A manifesto from one of America's most influential activists which disrupts political, economic, and social norms by reimagining the Black Radical Tradition.
Drawing on Black intellectual and grassroots organizing traditions, including the Haitian Revolution, the US civil rights movement, and LGBTQ rights and feminist movements, Unapologetic challenges all of us engaged in the social justice struggle to make the movement for Black liberation more radical, more queer, and more feminist. This book provides a vision for how social justice movements can become sharper and more effective through principled struggle, healing justice, and leadership development. It also offers a flexible model of what deeply effective organizing can be, anchored in the Chicago model of activism, which features long-term commitment, cultural sensitivity, creative strategizing, and multiple cross-group alliances. And Unapologetic provides a clear framework for activists committed to building transformative power, encouraging young people to see themselves as visionaries and leaders.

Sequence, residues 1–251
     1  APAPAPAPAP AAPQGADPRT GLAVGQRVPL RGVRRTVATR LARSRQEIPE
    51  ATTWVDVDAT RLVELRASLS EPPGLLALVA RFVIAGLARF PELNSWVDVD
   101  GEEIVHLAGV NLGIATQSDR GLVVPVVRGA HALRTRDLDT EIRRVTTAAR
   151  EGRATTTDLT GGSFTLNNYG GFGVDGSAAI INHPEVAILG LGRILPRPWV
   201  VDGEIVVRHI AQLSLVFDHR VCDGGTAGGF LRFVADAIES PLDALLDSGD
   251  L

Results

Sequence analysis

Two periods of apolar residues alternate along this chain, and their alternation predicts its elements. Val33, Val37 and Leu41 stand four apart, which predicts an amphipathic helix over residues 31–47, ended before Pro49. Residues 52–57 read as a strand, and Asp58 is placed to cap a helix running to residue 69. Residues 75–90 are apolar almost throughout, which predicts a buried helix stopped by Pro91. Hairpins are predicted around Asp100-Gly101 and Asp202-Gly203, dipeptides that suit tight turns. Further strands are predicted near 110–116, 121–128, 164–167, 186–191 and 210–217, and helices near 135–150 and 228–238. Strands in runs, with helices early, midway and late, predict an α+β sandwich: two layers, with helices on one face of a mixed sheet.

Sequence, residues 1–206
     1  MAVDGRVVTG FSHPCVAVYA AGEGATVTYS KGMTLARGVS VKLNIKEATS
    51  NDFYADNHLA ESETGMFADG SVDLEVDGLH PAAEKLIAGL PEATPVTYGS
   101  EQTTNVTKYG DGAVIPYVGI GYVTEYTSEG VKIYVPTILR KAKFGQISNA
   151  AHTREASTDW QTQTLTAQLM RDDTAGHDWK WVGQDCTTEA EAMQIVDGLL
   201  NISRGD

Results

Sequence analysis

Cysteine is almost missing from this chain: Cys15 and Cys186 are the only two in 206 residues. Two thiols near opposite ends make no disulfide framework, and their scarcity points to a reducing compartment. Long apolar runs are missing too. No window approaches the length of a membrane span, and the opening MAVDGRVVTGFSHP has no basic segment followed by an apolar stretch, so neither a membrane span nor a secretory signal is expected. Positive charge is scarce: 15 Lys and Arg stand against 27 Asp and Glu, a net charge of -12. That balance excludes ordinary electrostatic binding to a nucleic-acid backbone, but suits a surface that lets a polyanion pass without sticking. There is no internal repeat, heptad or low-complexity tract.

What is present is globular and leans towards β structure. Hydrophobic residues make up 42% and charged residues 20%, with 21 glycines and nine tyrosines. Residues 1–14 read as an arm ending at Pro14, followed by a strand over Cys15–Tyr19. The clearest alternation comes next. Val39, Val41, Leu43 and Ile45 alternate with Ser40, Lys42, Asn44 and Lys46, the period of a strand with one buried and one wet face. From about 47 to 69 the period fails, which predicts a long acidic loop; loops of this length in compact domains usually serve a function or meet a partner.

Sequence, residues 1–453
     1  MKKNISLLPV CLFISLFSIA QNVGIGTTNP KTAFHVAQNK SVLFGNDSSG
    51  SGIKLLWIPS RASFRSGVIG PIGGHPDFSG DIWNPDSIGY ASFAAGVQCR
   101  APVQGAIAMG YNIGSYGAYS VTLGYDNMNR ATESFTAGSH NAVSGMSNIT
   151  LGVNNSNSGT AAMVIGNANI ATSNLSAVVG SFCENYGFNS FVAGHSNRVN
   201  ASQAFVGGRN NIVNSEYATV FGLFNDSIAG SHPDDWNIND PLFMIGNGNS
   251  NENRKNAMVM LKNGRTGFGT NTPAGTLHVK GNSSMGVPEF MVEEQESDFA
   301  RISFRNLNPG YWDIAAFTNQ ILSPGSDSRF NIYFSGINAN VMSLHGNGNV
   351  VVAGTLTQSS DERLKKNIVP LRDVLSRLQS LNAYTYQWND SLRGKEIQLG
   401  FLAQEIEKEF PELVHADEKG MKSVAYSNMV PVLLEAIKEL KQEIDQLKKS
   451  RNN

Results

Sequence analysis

This electrifying debut by Carruthers, founding director of Black Youth Project 100, is part testimony and part activist's toolbox with snippets of Carruthers's personal history sprinkled throughout. Carruthers makes an urgent case for organizing movements and reexamining history through a black queer feminist lens to better equip activists in a "principled struggle" to end racism, ableism, homophobia, patriarchy, and ingrained prejudice. She outlines strategies on how to prioritize issues, build strong leaders, and adopt healing justice to bring about radical change. She devotes an entire chapter to the Chicago model of activism, which dates to the antieviction protests of the 1930s when "communist-inspired organizing... is said to have mobilize five thousand people in less than 30 minutes to stop an eviction." Carruthers, who grew up on the South Side of Chicago and remains active in the community, points to the more recent success of the "Reparations now!" campaign, which, in 2016 after decades of work, won $5.5 million in reparations for victims of racist police violence in Chicago. Incantatory without being incendiary, strong but not strident, Carruthers argues for "a world in which everyone is able to live with dignity and in right relationship with the land we inhabit." This handbook for the revolution is a rousing call for collective liberation.